The more I play new games, the more I appreciate certain classics

Hello! I just want to share a consideration that I've been pondering on for a few years. I really like deep games. But as I age, I am becoming more and more intolerant of huge and complex rulesets, specially if they are full of exceptions that are only there to provide thematic atmosphere.

This has made me increase the enjoyment I get out of certain classic games that with 3 pages of rules create a robust framework that allows players to compete on deep, simple and non-trivial games. They may not create a rich story with every play or allow for infinite customization of starting conditions, but in the end, they provide what I am looking for in board games: a contest of wits with my friends.

It is not that I will stop playing complex games at all. No, I still cherish every game of #Battlestar Galactica: The Board Game or #Middle Earth Quest, but I get tired just by thinking about having new players and having to explain the game before playing.

Now, even though I mentioned classics, there are modern games that meet these qualities like #Santorini, #Azul, #Splendor or #The Quest for El Dorado. But it is a shame to see incredible games like #No Thanks!, #Tigris & Euphrates, #Modern Art or #Schotten Totten get sometimes dismissed simply because they are old, not very flashy and have simple rulesets, as if having a 25 page rulebook was an accomplishment.

You don't need to be very observant to notice that a name rises above the rest on the previous list. Mr.  Reiner Knizia has designed several of those games and is, my opinion, the master of deep gameplay with simple rules, and, most of the time, with lots of player interaction, which is what I am looking for. I prefer my non-interactive games on the computer.

Of course, those games have a certain ceiling. It is not possible to offer the experience of games like #Gloomhaven, #Twilight Imperium: Fourth Edition, #War of the Ring: Second Edition, #Through the Ages: A Story of Civilization or #Mage Knight with 3 pages of rules. But I can't help but feel that there are many games that do not offer such compelling experiences and still have long and complex rulebooks, and those are the games that I am finding myself avoiding more and more.

LoveLike| 2 comments | report | subscribe

Please log in or make an account to post a comment.

Partner4 months ago

Totally agree!  I've always enjoyed the simple little card games or small box games, things I can teach in two minutes and enjoy all night.

One "classic" we recently discovered was Papayoo. I watched the I Heart Board Games krewe play it on stream one night, jumped in and had a blast. Finally we ordered a copy for ourselves, and it's been the perfect game to teach to family. For some reason we play this thing for hours!  It's the combination of an easy rule teach, high interactivity and penchant for laughs that make games like this one great.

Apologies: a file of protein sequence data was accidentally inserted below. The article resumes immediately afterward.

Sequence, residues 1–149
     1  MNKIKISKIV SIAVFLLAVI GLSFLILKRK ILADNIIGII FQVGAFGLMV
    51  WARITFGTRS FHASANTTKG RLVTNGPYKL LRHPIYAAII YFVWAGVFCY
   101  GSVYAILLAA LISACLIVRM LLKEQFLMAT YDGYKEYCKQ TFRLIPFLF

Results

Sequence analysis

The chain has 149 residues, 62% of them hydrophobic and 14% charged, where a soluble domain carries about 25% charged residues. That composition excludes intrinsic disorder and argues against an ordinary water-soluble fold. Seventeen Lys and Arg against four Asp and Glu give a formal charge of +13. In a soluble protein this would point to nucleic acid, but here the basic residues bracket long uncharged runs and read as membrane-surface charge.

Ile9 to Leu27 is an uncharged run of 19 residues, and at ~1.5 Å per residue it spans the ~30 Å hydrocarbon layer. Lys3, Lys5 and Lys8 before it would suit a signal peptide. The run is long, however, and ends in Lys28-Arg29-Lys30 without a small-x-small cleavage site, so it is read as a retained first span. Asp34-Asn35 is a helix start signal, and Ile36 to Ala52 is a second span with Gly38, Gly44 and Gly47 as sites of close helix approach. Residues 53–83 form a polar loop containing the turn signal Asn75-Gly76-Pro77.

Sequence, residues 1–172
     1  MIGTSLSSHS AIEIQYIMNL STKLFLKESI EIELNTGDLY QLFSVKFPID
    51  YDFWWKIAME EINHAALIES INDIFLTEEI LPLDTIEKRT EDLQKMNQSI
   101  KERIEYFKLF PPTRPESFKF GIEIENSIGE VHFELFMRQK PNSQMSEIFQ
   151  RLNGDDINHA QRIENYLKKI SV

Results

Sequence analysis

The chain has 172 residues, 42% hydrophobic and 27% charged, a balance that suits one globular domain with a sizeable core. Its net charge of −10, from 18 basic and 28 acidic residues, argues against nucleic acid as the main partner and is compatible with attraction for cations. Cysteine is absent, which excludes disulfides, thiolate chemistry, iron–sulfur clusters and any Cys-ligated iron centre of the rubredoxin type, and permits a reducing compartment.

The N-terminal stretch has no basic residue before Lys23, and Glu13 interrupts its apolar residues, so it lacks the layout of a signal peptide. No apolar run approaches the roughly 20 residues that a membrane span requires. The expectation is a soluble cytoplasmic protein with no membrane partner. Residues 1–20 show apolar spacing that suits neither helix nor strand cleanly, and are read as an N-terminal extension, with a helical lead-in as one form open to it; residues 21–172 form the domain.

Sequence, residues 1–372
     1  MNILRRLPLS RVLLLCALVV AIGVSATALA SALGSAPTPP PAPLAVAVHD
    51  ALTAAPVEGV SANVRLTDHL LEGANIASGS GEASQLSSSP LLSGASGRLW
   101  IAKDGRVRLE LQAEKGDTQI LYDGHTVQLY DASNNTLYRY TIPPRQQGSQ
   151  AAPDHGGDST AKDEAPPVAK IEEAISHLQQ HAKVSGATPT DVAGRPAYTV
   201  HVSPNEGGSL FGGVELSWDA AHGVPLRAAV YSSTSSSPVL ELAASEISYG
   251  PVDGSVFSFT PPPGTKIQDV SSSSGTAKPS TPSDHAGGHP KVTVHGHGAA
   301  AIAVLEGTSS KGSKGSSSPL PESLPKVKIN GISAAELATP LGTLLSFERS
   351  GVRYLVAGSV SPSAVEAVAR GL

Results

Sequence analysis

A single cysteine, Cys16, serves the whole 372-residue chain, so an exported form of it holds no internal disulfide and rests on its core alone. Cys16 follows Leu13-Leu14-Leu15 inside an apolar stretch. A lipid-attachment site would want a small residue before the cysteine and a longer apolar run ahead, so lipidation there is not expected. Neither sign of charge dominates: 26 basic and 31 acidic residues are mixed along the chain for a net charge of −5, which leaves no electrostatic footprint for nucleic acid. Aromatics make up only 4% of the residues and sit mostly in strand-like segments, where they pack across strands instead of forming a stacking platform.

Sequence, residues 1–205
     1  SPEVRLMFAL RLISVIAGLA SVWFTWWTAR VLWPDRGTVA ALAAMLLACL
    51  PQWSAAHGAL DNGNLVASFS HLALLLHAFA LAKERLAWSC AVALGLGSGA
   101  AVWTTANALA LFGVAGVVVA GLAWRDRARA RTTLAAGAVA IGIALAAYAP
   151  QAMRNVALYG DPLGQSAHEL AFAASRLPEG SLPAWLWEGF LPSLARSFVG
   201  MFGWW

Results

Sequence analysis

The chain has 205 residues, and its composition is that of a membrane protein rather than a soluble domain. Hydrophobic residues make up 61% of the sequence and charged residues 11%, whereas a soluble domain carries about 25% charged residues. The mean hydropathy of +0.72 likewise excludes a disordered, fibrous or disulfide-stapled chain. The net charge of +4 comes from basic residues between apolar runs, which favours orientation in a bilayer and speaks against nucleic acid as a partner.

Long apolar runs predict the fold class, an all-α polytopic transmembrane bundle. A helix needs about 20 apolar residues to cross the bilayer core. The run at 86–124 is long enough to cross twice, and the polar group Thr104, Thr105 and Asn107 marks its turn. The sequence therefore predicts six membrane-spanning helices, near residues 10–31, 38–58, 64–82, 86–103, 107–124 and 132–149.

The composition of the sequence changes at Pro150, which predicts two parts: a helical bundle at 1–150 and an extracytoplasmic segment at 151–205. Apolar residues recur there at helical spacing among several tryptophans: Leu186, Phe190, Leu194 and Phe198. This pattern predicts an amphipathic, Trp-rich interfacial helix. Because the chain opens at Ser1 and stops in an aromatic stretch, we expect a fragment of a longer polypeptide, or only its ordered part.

Great topic! 

4 months ago

I'd like to think that I was neither a hardline modernist or hardline traditionalist. 

My collection certainly leans towards more modern games, but then I was out of the hobby from late 1990s for about 15 years, so the return has brought more modern games, with many I had from before now despatched to charity shops or the bin. My oldest game is 2nd ed. Roborally plus 3 expansions and it's certainly sad to see how badly the game has been treated in later editions. Beyond that Carcassonne (old art), the Discworld games, a rather odd US football game and Saboteur might vie for next oldest. 

There are certainly some elements of older games that were flawed, but we played through them. I'm thinking especially of games where there was player elimination, plus where the death throes could go on for well over an hour, with the eventual winner obvious for all that time. Similarly there is now much better pitching of luck vs. game length. By that I mean there are still games of mostly chance, but they are typically shorter length. Longer games may still have quite a bit of luck, but are more likely to reward good tactical / strategic play. Thankfully there are a lot less games with roll to move around a circular track. Monopoly for a long time was thought of by too many as 'what a board game should look like / play like'

I also chuckle at the amount of times I read that a game I have "has the worst rules ever". If only those people had seen some of the hideous rules that we used to have to fight in the 1970s and 1980s! 

The overall standard (and sheer breadth/volume) of games has improved massively IMO since the turn of the milennium, but there were great games before and some dubious ones created afterwards, hence generalisations are dangerous.

There are also some potential issues to watch out for, such as getting caught up in the latest 'hot' game, only to see it have 6 months in the limelight, then fade to obscurity. Production quality has generally improved massively, but sometimes people get carried away. Quality where it matters, not simply to increase the amount spent! 
 I chuckled when I saw someone say that what was missing from the Rome: Total War campaign on Gamefound was a 2 foot high statue of Augustus 

There is also a danger that 'good game design' stops being a positive and becomes more of a strait-jacket, meaning so many games are using the same tried and trusted mechanisms, albeit in slightly different combination / pasted on theme. These days I am much more drawn to braver / more innovative designs, even if they come with greater risk.